As a South African living abroad, the topic of dual citizenship has probably crossed your mind or come up in conversation a few times. To help you make the right decision for your circumstances, let’s take a look at what you need to know about South African citizenship, including how to apply for dual citizenship in South Africa.
We’ve also put together a handy guide on which countries allow dual citizenship with South Africa, as well as a list of countries that do not allow dual citizenship. You’ll find this helpful if you’re still deciding on where to go if you decide to emigrate from South Africa.
What is dual citizenship?
Dual citizenship is where one person holds two nationalities from two countries simultaneously. This means they get the passports from both nations, as well as the rights of citizenship afforded in both countries. It also means they get the duties of both countries, including the obligation to pay tax according to the laws of each country.
The concept of dual citizenship varies according to the law of nationality in each country. Individuals who reside in two countries are double citizens. Dual citizenship must be obtained in line with the laws and regulations applicable in each country. In some European nations that allow dual citizenship, becoming a citizen may mean that you become eligible for certain living, working and studying benefits in that country.
Does South Africa allow dual citizenship?
Can a South African have dual citizenship? South African nationality law does provide for nationals to have dual citizenship, subject to following Home Affairs’ specific protocols. According to the 2006 South African Nationality Act, any South African over the age of 18 who wishes to become a dual citizen must first apply to retain their South African nationality.
What to know about dual citizenship in South Africa
- Before you can apply for citizenship in a foreign country, you must be granted permission to keep your South African citizenship.
- Failure to do so means that you will automatically lose South African nationality when you voluntarily acquire a foreign citizenship.
- If you lose your South African citizenship this way, you will need to apply to have it reinstated, and this can be a lengthy, frustrating process.
What are the disadvantages of dual citizenship?
While it might seem like double citizenship (two passports, baby!) would be attractive, there are some downsides. There is the potential for double taxation, and not to mention the fact that the process of obtaining dual citizenship can be long and expensive. It takes up to 12 months to apply to retain your South African citizenship, and then you have to meet the foreign country’s time requirements for residence, before you can qualify to become a resident, and ultimately a citizen.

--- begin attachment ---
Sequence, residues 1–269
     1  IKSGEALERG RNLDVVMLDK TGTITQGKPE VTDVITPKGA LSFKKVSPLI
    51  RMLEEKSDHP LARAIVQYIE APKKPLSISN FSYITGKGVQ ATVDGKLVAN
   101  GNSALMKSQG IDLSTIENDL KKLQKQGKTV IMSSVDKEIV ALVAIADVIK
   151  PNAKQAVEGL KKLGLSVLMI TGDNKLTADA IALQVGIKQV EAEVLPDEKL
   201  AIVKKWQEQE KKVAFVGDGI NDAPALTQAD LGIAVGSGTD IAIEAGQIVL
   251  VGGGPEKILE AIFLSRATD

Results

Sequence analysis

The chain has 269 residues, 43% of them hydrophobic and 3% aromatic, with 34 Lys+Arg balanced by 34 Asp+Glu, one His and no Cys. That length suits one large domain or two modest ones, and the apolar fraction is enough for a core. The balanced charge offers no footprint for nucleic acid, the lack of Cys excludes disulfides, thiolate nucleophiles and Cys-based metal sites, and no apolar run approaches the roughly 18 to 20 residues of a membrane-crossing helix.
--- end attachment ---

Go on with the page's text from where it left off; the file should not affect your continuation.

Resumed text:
Additionally, you then become bound by the laws of two countries. As such, it is advisable to do your homework and ensure that the benefits outweigh the disadvantages before taking on this process.
Does South Africa allow triple citizenship?
If the country allows double citizenship it is likely to allow triple citizenship. Furthermore, if you obtain citizenship in another country by marriage, this does not terminate your South African citizenship.
Which countries do not allow dual citizenship?
Most countries allow dual nationality. Andorra, Azerbaijan, Bahamas, Bahrain, Belarus, Botswana. Bhutan, China, Oman, Japan, Malaysia and Singapore are some of the countries that do not allow dual citizenship.
How do I apply for dual citizenship in South Africa?
To apply for dual citizenship, you must first apply to retain your South African citizenship. You must complete the necessary forms and submit these along with the supporting documentation, to the Home Affairs office, along with a letter from the foreign country’s Consulate or Embassy verifying that you have not already obtained citizenship.
- DHA -175 (application form)
- DHA -529 (applicant form)
- Proof of uninterrupted residence one year before application
- RSA Police clearance report valid for six (6) months from date of issue
- Police clearance from foreign country of present nationalities
- Letter confirming the individual’s acceptance of dual nationality
- Proof of payment (R300.00) as stipulated by the National Treasury
FinGlobal: cross-border financial services for global South Africans
Dual citizenship can get complicated, but managing your finances in more than one jurisdiction doesn’t have to be. FinGlobal provides a full suite of financial services tailored to the needs of South Africans living abroad, including:
- Tax emigration
- Tax clearance
- Expat tax compliance
- Tax refunds
- Retirement annuity withdrawal
- Foreign exchange
To find out how FinGlobal can simplify managing your cross-border financial portfolio, please leave your contact details and we will be in touch.